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If you have this popular mouthwash, throw it out

Published Oct 30th, 2020 2:18PM EDT
mouthwash recall
Image: Pavelis/Adobe

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  • A popular prescription mouthwash is being recalled due to the potential for it to cause a bacterial infection.
  • The mouthwash was sold and distributed via dentist offices, and it may contain bacteria that can cause dangerous symptoms, especially in those with compromised immune systems.
  • If you have any of the mouthwash, throw it out immediately.

Product recalls over food are relatively common and even understandable. Food is a target for bacteria and other nastiness that sometimes spreads and sparks an investigation and a recall usually follows. But when you imagine things that could be contaminated, you wouldn’t normally put mouthwash on the list.

Well, it looks like that’s exactly what is happening, as Sunstar Americas, Inc., has issued a voluntary recall for its Paroex mouthwash after reports that it may be contaminated with the bacteria Burkholderia lata. While the recall is voluntary on the part of the company, the bulletin is very strong in its wording, and if you have any of the mouthwash that matches the recalled product codes, you should absolutely throw it away immediately.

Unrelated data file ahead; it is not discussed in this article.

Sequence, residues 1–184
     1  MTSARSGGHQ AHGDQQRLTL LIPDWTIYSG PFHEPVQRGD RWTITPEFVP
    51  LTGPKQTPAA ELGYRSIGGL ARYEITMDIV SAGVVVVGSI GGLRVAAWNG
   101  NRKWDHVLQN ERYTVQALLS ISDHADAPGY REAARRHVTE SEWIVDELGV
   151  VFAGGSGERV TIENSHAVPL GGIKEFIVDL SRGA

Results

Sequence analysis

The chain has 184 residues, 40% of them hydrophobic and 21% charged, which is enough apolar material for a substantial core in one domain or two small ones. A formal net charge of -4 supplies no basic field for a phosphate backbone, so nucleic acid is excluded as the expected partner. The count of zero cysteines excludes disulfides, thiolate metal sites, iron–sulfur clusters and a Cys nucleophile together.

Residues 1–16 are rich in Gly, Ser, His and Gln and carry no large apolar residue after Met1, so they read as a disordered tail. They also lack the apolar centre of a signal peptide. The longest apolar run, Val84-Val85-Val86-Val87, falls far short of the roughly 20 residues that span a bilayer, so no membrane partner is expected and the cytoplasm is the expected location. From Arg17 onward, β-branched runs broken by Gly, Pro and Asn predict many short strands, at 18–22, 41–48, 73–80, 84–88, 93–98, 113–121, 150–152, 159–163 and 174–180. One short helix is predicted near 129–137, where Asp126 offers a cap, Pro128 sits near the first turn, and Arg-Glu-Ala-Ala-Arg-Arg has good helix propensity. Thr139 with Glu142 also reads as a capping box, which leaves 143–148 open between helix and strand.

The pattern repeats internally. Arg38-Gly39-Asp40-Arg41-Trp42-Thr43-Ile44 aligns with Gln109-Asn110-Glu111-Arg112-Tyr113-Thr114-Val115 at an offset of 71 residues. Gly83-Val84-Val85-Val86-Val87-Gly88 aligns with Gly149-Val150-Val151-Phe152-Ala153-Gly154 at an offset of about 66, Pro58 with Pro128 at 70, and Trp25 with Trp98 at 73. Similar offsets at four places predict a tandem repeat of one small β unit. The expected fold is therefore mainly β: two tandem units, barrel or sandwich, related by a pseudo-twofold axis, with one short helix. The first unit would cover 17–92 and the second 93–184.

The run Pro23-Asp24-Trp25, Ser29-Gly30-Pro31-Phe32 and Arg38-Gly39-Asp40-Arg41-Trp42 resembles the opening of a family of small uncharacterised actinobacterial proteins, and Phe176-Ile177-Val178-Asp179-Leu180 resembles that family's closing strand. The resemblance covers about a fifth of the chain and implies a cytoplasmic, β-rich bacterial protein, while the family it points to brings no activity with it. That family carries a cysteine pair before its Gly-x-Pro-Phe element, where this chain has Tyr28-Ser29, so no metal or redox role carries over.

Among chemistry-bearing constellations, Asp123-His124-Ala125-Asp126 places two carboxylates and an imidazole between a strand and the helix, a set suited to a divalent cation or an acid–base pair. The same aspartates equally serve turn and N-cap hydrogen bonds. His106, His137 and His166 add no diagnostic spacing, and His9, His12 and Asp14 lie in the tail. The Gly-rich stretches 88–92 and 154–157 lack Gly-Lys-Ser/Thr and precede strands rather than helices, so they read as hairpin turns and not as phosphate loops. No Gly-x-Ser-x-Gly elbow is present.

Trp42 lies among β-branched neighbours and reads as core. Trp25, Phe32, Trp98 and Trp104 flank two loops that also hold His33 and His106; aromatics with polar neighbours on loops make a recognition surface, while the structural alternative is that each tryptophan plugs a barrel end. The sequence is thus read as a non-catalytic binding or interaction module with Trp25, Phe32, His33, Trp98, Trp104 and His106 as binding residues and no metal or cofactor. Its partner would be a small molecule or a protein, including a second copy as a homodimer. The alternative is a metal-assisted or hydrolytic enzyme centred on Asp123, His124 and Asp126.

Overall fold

Unlike many mouthwash products that you can simply purchase in a store, this particular brand is actually distributed via prescription. Here’s what the company has to say about the recalled mouthwash and its packaging:

The prescription oral rinse product, available through healthcare professionals only, is indicated for use as part of a professional program for the treatment of gingivitis and is packaged as follows:

  • 1789P GUM® Paroex® is distributed in cases each containing 6 amber bottles of 16 fluid ounce (473 ml) chlorhexidine rinse. The bottle has a childproof cap and a 15 ml metered dosage cup, is safety sealed, and is decorated with a multiple-panel wrap-around label.
  • 1788P GUM® Paroex® is distributed in cases each containing 24 amber bottles of 4 fluid ounce (118.25 ml) chlorhexidine rinse. The bottle has a childproof cap, is safety sealed, and is decorated with a multiple-panel wrap-around label.

The recall page has a full list of the lot numbers and expiration dates of the affected products, and with over a dozen lots, there’s quite a bit of the product out there.

The bacteria itself can cause some pretty serious symptoms depending on the health of the patient. “Use of the defective product in the immunocompetent host may result in oral and, potentially, systemic infections requiring antibacterial therapy,” the recall bulletin reads. “In the most at-risk populations, the use of the defective product may result in life-threatening infections, such as pneumonia and bacteremia. To date, no adverse events have been reported to SAI related to this recall.”

The fact that no illness has been directly reported is a good thing, but there’s still the potential that individuals have fallen ill without realizing the cause. In any case, if you have any of this mouthwash in your home, throw it away immediately and contact the company for a refund.